Tree bark is generally available (where trees grow) and has very subtle shadings and textures.
It is an admirable subject for comparison of optics, as are the lichens which grow thereon.
It also stays in place.
Perfect for setting diopter.Wish I had thought of this earlier. I use tree bark, (and moss and lichens) on the oaks and pines in my yard to get the most precise diopter adjustment and it works for me better than anything else in this regard. Never thought to do that to specifically compare the different color shades/renditions of various bins but it's a good idea.
In terms of equipment I see in casual use, mostly cameras and a few medium sized lower priced roofs. When at local birding hot spots my ADD has me focused exclusively on the birds.
Déjà vuTo update on one of the unknowns, I now find it is an Opticron Verano...I have one of these and they are nice bins for sure....
Zeiss---2 (Terra and Conquest)
Nikon---1 (Monarch 5)
Meopta---1 (Meostar, my pair today)
Later on I went up to a pond to view some birds and I saw these:
Swarovski---2 (NL and ?)
Just a thought about the bird in Acadia NP, but it could have been for the Stellar’s Sea Eagle that seemed to be very lost during 2021 & 2022.We hike all over and I can count exactly two times I've seen anyone glassing. One was at Acadia NP in fall 2021 on Cadillac Mountain, we hiked the whole mountain and on the out on the down side there was a larger group of birders with a lot of nice stuff. Lots of spotters on tripods, high mag binos on tripods, lots of Swaro logos. We overheard them saying there was some rare hawk there at the time but didn't know what and we weren't really into it heavily at the time. We also had 3 dogs with us so getting really close to the group with expensive glass on tripods wasn't feasible. Then more recently some lady hiker ended up close enough to us on Blood Mountain that I could see she was glassing but couldn't tell what, maybe Zeiss or Leica judging by the aesthetics.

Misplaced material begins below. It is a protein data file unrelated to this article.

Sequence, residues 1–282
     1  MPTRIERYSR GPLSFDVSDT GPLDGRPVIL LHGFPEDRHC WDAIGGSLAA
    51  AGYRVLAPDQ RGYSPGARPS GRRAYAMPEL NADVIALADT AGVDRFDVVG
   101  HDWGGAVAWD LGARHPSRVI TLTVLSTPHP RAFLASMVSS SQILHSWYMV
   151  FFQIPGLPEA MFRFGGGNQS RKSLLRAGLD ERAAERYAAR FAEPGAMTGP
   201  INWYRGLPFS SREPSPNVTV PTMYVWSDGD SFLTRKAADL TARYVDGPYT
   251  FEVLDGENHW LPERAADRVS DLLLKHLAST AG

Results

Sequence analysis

We see a good amount of people with cameras though. Most are not professional cameras though nor do they have telephoto lenses. I'd say 90% of the people we come across are just people out on a hike with no interest in much of anything else. They'll see us observing wild life and keep on going with no interest in trying to see or find out what we're stopped looking at.
I am just a stones throw away from there when back at home . I was at the show last may and bought 2 pairs of NL Pure's and a 115MM Spotting Scope right inside those white tents setup at the entrance to the Marsh. I plan on going back in May again when we leave Sri lanka ..If any of you can, you need to make the effort to go to "The Biggest Week in American Birding" at Magee Marsh on the north border of Ohio. Seriously. There will be probably hundreds of birders there and yes the birding is that good. Really it's unbelievable the number of species one can see in only a few days. There are birders there from all over the world and from all walks of life. I won't say Swarovski was the number one binocular there but it was close. It was certainly the most seen premium binocular. SVs were everywhere. You will see folks with every brand you can think of. Some buy binoculars just for this trip. Some have never even used a binocular before. Vortex was probably #2 follow closely by Nikon. Zeiss were very common with FLs and Conquest HDs and some SFs.